Theological Insights from a Modern Perspective

The Bread of Salvation

Luke 11:5-8 “Which of you who has a friend will go to him at midnight and say to him, ‘Friend, lend me three loaves; for a friend of mine has arrived on a journey, and I have nothing to set before him’; and he will answer from within, ‘Do not bother me; the door is now shut, and my children are with me in bed; I cannot get up and give you anything?’ I tell you, though he will not get up and give him anything because he is his friend, yet because of his importunity he will rise and give him whatever he needs.

Luke 18:2-8 “In a certain city there was a judge who neither feared God nor regarded man; and there was a widow in that city who kept coming to him and saying, ‘Vindicate me against my adversary.’ For a while he refused; but afterward he said to himself, ‘Though I neither fear God nor regard man, yet because this widow bothers me, I will vindicate her, or she will wear me out by her continual coming.'” And the Lord said, “Hear what the unrighteous judge says. And will not God vindicate his elect, who cry to him day and night? Will he delay long over them? I tell you, he will vindicate them speedily. Nevertheless, when the Son of man comes, will he find faith on earth?”

I have been going back and forth on these two parables, whether to treat them as one or individually. I finally came to the decision that even though they are told far apart in Luke they are too similar to be treated on their own. The settings are different, but the stories are the same, both are about prayer, and both are also about persistence.

Right before the first parable Jesus just taught his disciples how to pray (the Our Father), then he continues on telling them to be persistent in their prayers. We are no different today, how many of us pray for something once or twice then, not getting the answer we desire, give up and say, “well, He must not be listening” or “it must not be His will”? Jesus uses two common activities to point out how persistence pays off.

The first parable is about hospitality. We don’t understand the importance of hospitality today, especially in America. If someone were to come knocking at our door at 2am asking for a loaf of bread to give to someone else’s guest we would probably launch into a tirade filled with expletives. In Middle Eastern culture, to this day, nothing is more important than showing hospitality, even to strangers. To have someone show up on your doorstep and have nothing to give him to eat or drink is an insult graver than little else. Jesus’ listeners knew this, and knew that the sin was twofold: on the man for not having anything to share with a guest, and on the neighbor for not being willing to share openly with a neighbor in need. The implication to the people was that if they came knocking at the door of God and He did not respond then He was as guilty of sin as was the neighbor – unheard of! But, the responsibility to pester God about something we truly need is ours, and if we fail to do that then we have no ground to blame God for not responding to our prayers.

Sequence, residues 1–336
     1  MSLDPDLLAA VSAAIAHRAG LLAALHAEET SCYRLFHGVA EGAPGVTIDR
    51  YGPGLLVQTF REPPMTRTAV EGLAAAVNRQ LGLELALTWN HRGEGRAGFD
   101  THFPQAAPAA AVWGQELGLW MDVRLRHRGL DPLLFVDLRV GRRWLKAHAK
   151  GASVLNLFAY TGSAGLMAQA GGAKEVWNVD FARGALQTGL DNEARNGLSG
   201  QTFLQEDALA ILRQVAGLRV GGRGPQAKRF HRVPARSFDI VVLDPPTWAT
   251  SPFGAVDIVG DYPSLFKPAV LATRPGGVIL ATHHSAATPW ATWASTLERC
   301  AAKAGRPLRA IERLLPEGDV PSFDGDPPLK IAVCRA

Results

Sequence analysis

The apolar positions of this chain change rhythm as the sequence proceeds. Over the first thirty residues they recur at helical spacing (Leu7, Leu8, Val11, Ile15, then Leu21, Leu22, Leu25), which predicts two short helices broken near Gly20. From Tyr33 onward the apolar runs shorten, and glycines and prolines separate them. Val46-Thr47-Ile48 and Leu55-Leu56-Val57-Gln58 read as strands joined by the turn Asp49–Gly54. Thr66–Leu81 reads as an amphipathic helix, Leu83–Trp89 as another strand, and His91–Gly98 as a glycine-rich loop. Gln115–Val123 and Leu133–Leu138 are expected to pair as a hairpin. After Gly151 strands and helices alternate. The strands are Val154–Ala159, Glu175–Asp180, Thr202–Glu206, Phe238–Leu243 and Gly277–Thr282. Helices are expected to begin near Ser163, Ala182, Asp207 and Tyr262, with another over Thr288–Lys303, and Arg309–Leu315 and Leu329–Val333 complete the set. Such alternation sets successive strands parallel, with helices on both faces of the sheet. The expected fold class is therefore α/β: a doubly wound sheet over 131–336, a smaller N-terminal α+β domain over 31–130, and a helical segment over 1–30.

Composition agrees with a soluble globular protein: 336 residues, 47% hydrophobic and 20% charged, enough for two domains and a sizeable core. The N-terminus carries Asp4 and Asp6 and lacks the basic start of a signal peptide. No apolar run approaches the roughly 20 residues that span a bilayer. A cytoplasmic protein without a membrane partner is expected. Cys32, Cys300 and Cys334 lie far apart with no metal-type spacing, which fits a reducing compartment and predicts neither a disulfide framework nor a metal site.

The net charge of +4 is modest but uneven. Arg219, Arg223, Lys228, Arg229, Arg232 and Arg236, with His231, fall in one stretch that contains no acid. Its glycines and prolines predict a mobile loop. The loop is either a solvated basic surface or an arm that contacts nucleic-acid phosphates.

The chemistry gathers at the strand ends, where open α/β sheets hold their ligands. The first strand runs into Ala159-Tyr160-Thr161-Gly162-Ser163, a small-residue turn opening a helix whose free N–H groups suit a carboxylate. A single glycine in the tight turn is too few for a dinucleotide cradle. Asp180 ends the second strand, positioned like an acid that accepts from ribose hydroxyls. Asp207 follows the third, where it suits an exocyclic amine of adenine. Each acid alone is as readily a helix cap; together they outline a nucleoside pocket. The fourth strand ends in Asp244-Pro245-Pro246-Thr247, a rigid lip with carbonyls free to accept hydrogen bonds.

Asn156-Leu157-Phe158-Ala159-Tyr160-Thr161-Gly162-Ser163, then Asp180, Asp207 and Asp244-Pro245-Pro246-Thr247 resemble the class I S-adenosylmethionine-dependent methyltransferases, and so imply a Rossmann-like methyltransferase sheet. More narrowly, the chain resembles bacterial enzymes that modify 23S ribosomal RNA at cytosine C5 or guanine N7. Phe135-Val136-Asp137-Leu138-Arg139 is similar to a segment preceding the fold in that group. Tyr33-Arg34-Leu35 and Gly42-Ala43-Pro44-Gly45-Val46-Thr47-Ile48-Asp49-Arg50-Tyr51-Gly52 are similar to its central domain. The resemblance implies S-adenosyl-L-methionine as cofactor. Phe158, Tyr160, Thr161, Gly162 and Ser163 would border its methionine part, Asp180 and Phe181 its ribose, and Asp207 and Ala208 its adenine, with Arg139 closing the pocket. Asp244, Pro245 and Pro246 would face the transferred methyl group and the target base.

But, there is another point here, and that is of the man who is asking for the bread. He is not asking his neighbor for the winning numbers to the lottery, for his car to start on the next turn of the key, or to be able to afford the latest iPhone. He is asking for something vitally important, something that to not have would bring dishonor to him, and would force another to go hungry. This is a real need, not a trivial request. It is important that what we ask of in prayer is something that is truly worthy of a request to the creator of the universe. And that is the point of the Our Father that he just taught to his followers, asking God to provide for us our “daily bread” – our real and true needs.

 

The second parable is teaching us the same lesson. Here is a widow who wants something so bad that she will not give up. She keeps pestering the judge, who’s responsibility is to hear her case, until he finally decides to give her what she wants just to get rid of her. He doesn’t just hear her case, he rules in her favor so that she doesn’t come back again (no double jeopardy back then). Again, Jesus is telling us to have faith and be persistent in our petitions to God. I like how he ends this parable, though not usually included in the reading of the parable in church, it is his last comment before moving onto a different topic:

Luke 18:8 Nevertheless, when the Son of man comes, will he find faith on earth?

Will He find a faithful, persistent people, or a people who have given up at the first obstacle? Well?

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